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Deenie33

What to expect in a 24 hr period

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I am exploring the possibility of a River Cruise and would love to know what a 24 hour period looks like.  I may have some misconceptions. For instance, I have been told that the majority of actual travel  time on the ship is is done at night which eliminates the chance to see the shore and its sights.  Plus, You are  docked during the day for excursions so that it really isn't worth paying extra for a balcony unless you like sitting out there in the dark essentially. 

If anyone can briefly account what a day/night is like, I would appreciate it.

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A lot depends on the itinerary.  Most lines give you a walking tour in the morning, then free time or they might move to another port in the afternoon.  I remember days of cruising past lovely vineyards growing up the sides of hills and castles on hill tops. You don't need a balcony but it is really nice to have a full door you can open. My suggestion is to check out the web sites for the different lines. We were on Viking the first time ( before they expanded) and Avalon twice. 

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I have been on 2 river cruises and will be going on my 3rd in April.  Daytime you are off the boat touring.....well, we

were on my cruises anyway.  Never booked a balcony and never missed it.  I love river cruising:classic_biggrin: and yes, travel

time is at night.

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Some folks cherish a balcony, even it there is nothing to see.     It's a chance to be OUTSIDE without needed to get "dolled up" to go in public!  I mean, even at sea, there's little to see but ocean, but we like being able to get fresh air whenever we want.

 

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We did not have a balcony, though the description said we had a French balcony --- there is no real balcony at all, but a few inches and a railing.  In most stops, there were tours that took the majority of the day, but there is a fair amount to see if you are underway in the evening.  We would simply go up on the top deck and enjoy the sights.  There were always a lot of people up there to chat with, and we spent part of each evening up there.  I don't see a great need for a balcony.  Sometimes you do move during the afternoon, and sightseeing from the top deck is easy.  There are times that you will have to duck down or even go below if there is a low bridge.  If you are in a lock, you can see the lock walls from your cabin if you want.  Some are quite deep, and it gets dark at the bottom.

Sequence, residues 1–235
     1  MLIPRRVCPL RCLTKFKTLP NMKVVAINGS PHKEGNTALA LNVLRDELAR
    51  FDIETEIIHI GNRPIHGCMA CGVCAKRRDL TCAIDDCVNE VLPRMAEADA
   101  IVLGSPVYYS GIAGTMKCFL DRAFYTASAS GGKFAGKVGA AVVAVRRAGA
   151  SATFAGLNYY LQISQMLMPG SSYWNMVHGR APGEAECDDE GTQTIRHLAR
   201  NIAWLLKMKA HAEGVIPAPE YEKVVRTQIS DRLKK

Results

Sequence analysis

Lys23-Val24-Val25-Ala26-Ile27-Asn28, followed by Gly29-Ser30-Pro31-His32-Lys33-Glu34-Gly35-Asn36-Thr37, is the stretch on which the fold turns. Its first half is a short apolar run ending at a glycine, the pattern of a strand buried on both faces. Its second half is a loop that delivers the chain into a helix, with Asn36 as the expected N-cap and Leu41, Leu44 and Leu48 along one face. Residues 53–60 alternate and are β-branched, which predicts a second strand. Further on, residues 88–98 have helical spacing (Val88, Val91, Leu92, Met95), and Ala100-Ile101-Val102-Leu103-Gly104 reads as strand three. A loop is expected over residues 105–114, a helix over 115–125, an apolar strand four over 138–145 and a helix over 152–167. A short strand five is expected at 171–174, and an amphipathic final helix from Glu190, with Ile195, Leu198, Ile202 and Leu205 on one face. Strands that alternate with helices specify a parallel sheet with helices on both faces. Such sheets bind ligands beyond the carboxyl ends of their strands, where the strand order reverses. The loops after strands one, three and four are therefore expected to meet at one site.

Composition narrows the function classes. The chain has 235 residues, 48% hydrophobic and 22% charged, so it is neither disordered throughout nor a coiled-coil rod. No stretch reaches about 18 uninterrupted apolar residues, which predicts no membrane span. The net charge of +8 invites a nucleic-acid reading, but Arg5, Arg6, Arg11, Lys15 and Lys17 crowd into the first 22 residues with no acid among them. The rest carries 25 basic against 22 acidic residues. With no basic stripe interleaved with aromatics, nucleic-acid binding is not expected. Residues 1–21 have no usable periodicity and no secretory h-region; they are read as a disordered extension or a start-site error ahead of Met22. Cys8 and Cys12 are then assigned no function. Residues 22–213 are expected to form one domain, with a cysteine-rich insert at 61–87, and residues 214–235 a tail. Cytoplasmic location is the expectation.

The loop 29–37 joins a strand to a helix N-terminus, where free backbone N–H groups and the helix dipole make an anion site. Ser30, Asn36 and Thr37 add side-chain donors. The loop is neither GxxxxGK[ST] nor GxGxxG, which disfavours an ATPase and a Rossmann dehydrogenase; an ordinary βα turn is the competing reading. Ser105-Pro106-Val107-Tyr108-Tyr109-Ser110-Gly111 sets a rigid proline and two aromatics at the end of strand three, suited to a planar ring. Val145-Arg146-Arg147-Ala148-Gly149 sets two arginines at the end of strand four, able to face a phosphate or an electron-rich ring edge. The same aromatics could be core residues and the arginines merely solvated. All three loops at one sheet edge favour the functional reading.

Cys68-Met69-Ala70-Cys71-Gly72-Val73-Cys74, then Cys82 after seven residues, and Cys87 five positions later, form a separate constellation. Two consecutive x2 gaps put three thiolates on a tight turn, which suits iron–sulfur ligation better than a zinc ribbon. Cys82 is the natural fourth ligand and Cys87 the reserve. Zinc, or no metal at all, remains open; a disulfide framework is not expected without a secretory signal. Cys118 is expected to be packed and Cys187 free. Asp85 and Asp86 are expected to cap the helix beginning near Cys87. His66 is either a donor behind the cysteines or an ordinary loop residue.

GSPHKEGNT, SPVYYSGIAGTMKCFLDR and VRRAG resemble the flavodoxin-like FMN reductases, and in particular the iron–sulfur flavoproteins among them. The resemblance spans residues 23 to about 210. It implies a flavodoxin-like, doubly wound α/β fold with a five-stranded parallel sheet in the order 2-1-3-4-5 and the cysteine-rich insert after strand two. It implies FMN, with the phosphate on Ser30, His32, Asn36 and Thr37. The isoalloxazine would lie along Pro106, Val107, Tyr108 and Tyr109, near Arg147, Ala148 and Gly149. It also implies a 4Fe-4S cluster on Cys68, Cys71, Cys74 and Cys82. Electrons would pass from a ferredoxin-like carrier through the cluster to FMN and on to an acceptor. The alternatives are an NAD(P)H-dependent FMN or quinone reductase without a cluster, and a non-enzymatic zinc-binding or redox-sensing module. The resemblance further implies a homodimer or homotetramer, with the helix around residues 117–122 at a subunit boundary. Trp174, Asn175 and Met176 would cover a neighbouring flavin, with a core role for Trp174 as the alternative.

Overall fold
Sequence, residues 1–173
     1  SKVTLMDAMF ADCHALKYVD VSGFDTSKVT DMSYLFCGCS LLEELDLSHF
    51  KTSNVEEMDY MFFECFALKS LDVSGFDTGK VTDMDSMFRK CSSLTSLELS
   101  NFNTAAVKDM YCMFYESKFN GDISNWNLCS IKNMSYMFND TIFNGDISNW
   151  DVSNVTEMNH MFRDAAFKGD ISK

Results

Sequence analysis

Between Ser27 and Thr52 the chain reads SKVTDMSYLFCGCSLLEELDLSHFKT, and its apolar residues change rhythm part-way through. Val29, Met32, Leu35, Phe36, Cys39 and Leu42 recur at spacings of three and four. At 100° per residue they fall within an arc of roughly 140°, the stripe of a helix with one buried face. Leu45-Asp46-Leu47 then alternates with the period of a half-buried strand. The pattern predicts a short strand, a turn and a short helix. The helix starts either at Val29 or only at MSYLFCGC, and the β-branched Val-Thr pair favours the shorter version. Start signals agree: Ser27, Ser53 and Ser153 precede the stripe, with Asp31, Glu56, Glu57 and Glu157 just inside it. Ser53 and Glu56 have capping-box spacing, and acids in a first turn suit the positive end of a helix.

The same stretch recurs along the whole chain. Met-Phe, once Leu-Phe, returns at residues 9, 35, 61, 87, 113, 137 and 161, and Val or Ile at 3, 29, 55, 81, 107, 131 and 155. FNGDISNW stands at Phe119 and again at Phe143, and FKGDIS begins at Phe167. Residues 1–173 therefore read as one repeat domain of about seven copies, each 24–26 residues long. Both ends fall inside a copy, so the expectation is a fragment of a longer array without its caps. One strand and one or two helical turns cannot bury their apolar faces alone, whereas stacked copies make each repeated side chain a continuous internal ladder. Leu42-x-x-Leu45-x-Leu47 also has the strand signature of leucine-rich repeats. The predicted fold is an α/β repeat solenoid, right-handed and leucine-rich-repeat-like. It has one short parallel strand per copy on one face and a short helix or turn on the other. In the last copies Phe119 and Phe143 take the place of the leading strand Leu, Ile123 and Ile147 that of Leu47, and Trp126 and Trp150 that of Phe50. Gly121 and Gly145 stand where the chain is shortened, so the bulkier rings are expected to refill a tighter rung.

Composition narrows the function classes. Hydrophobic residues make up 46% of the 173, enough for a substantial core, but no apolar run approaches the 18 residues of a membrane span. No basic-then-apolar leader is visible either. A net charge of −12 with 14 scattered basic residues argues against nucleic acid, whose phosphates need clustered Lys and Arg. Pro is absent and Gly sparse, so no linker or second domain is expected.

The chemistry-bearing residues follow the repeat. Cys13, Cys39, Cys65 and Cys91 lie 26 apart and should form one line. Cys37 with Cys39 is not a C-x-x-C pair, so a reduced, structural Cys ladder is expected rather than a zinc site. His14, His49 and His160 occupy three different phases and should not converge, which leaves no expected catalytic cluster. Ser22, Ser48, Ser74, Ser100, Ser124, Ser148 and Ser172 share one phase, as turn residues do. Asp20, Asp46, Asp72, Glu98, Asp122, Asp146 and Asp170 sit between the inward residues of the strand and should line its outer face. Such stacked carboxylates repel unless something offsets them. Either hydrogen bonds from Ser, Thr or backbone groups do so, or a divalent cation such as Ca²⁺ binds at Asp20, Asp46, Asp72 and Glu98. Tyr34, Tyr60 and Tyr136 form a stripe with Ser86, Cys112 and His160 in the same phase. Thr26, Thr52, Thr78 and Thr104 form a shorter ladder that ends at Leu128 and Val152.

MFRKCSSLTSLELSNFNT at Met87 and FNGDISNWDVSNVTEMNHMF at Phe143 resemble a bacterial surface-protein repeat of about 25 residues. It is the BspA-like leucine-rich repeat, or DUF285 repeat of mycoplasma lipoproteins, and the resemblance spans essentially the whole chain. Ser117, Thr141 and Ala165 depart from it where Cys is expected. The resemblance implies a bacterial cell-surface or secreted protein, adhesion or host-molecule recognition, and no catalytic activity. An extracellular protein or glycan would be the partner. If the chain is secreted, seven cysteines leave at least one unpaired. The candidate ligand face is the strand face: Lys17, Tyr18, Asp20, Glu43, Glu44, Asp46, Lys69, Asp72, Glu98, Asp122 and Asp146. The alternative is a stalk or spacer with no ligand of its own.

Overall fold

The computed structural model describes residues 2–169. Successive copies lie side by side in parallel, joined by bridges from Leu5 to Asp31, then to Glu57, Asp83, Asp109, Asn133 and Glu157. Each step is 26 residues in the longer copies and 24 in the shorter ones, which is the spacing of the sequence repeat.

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We only had one real "sit on the deck and look at the passing wonderful scenery" day on the Danube (Regensburg to Budapest).  All other travel was at evening/night and through lots of locks (15+). Jarring and noisy. Usually a walking tour (in the smaller towns) in the morning, then free time in town or on the ship. Excursions are low key. 

 

Check potential itineraries for travel times and dockings.  Also remember that the published itinerary is only a suggestion.  Actual travels will vary based on river traffic and water levels.  And always, always, always close your curtains at night, balcony or not. Otherwise, you may wake up to strangers looking in from a ship adjacent to yours due to multiple parallel berthing..

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You may want to post this over in the River Cruising forum - lots of helpful folks over there.

 

I've taken 3 European river cruises.  One on the Rhine and two on the Danube.  Typically you have an early breakfast followed by a tour.  You will usually come back on board for lunch and may have another tour in the afternoon or free time.  There will be a talk by the cruise director or captain in the lounge in the evening followed by dinner in the DR.  After dinner there may be some local entertainment in the lounge or people will just congregate and hang out there.  

 

The only time I recall any really good scenery while cruising during the daytime was while sailing thru the Rhine Gorge.  Even with a balcony, you may see more by being topside rather than outside your cabin. 

 

Cruising Along mentioned "multiple parallel berthing".  This is technically called rafting, and can occur anywhere.  In order to debark your ship, you may need to go thru 1, 2, or more other river ships in order to reach the dock.  This may involve going up and down stairs from one ship to the other.

 

I love river cruising, but it's a different experience than ocean cruising.  Having done 3 river cruises in Europe, I wouldn't pay extra for a balcony.

 

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